To find out more about Morgan County, click here. For more about Extension in other counties take the Extension tour of Utah.


Pamela J. Riley Honored as Women and Gender Research Institute Distinguished Professor

Pamela J. RileyDr. Pamela J. Riley has been nominated as the Women and Gender Research Institute's (WGRI) Distinguished Professor. Professor Riley has made exceptional contributions to Utah State University and to her profession in the areas of teaching, research and service during her 25-plus-year career at Utah State University. Her research focuses on women in international development and, domestically, on gender, work and family. Her latest research efforts are directed toward targeting Latino families in Cache Valley to learn more about their experiences with work, family and community.

The purpose of the WGRI Distinguished Professor Award is to recognize the outstanding leadership of women professors in their scholarly or creative disciplines and to recognize men or women professors who conduct research on gender issues.

A reception honoring Riley is planned for Wednesday, March 19, in the Eccles Conference Center on the Utah State University campus. Riley will speak at 3 p.m. and a reception will follow at 4 p.m.

The WGRI was formed in 1984 to foster research by women, to assist departments in recruiting and retaining women faculty, and to encourage research on gender issues by men and women.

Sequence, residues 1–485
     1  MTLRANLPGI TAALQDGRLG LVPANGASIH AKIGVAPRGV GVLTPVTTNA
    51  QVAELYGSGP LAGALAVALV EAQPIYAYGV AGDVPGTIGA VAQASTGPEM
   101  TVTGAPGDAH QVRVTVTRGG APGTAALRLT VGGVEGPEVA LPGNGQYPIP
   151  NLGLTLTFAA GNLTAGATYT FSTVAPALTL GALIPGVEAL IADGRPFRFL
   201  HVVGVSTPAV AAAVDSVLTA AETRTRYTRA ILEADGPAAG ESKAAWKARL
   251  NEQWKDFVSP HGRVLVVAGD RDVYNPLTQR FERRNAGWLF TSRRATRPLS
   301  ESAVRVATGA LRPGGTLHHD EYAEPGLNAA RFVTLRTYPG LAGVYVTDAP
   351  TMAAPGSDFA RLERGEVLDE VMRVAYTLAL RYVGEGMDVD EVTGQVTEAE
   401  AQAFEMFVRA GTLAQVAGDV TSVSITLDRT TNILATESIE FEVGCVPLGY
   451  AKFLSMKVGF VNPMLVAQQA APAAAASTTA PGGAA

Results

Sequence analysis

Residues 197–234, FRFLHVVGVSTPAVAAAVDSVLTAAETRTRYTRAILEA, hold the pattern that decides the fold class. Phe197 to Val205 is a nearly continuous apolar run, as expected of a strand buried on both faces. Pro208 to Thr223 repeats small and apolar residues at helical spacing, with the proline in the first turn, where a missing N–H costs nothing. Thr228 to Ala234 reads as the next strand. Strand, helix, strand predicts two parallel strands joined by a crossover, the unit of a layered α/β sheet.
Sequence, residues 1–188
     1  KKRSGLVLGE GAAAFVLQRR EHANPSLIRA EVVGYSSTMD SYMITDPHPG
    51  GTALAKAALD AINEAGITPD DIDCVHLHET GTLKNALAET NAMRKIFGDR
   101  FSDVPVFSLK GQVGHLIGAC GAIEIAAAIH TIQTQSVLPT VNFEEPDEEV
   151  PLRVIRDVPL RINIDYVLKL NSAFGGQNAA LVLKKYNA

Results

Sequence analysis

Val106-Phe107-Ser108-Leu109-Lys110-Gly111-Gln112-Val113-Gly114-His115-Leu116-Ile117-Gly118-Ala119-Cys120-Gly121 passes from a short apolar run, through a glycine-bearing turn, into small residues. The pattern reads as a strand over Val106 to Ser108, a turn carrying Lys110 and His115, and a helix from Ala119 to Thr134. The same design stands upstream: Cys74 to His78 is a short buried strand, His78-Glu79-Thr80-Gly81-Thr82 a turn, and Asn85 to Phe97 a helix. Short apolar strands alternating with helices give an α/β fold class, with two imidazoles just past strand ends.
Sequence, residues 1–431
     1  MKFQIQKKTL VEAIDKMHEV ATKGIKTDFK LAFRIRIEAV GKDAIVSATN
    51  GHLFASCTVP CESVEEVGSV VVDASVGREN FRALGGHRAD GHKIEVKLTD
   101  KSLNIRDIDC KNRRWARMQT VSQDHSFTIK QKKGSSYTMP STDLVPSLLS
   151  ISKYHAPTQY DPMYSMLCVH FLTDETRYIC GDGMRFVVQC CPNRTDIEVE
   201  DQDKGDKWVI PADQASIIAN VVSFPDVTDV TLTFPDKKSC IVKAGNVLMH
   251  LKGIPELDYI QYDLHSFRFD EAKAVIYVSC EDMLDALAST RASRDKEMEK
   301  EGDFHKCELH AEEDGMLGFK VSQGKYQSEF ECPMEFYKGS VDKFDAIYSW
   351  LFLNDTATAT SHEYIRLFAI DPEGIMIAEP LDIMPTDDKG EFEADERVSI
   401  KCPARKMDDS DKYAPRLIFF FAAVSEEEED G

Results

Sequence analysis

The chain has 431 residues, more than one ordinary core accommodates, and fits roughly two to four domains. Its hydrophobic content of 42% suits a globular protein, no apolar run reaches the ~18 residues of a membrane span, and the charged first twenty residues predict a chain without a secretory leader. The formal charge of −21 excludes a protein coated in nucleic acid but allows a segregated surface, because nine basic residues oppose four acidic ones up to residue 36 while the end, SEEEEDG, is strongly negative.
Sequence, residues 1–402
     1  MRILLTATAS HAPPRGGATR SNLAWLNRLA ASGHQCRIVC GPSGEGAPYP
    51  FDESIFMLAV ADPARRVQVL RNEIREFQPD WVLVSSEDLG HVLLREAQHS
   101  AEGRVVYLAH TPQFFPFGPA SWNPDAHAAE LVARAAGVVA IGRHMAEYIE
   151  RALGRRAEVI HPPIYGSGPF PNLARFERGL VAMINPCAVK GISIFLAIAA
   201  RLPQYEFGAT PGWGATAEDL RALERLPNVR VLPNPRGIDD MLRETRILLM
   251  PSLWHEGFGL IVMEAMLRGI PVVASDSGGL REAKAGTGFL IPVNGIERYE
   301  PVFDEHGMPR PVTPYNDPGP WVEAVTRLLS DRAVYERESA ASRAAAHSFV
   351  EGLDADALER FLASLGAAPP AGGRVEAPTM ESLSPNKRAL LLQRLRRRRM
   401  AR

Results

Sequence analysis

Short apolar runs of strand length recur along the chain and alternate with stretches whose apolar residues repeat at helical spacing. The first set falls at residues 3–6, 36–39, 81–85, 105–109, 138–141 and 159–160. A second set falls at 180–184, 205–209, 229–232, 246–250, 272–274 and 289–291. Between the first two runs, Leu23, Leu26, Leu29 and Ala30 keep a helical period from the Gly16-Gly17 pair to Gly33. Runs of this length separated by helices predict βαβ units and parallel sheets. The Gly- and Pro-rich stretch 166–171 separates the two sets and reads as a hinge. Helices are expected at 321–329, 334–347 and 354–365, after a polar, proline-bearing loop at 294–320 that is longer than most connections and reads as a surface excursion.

Utah State University Extension Forestry Specialist Presents at Congressional Reception

Mike KuhnsMike Kuhns, Utah State University Extension Forestry Specialist and associate professor of forestry, recently presented an exhibit at a Washington, D.C., congressional reception highlighting the National Association of State Universities and Land Grant Colleges. His exhibit was one of 36 Extension and Ag Experiment Station projects chosen to be presented to members of Congress, their staff and agency representatives. Several hundred attended.

"Mike has been a great asset to Extension and the state of Utah," said Jack Payne, vice president for Extension. "If you limit your travel to I-15, you may not realize that about 30 percent (16 million acres) of Utah is forest land. Forested lands are an important natural resource in Utah, and carefully managed forest lands provide substantial benefits not only to the private landowner, but to communities as well."

"It was an honor to be part of this reception," said Kuhns. "They highlighted advancements being made at the nation's land grant universities in agricultural and natural resources research and Extension."

Kuhns's exhibit highlighted Utah State's Forest Landowner Education
Program and its effort to provide current, unbiased information to Utah's private forest landowners and others interested in managing forest lands in Utah. The exhibit also highlighted community and wildland-urban interface forestry with a display explaining various aspects of USU Extension forestry.

This year's Congressional reception theme was "The Land-Grant System: Science and Education Working for and Serving America." This is the sixth year the event has been held.

Kuhns has worked at Utah State since 1992.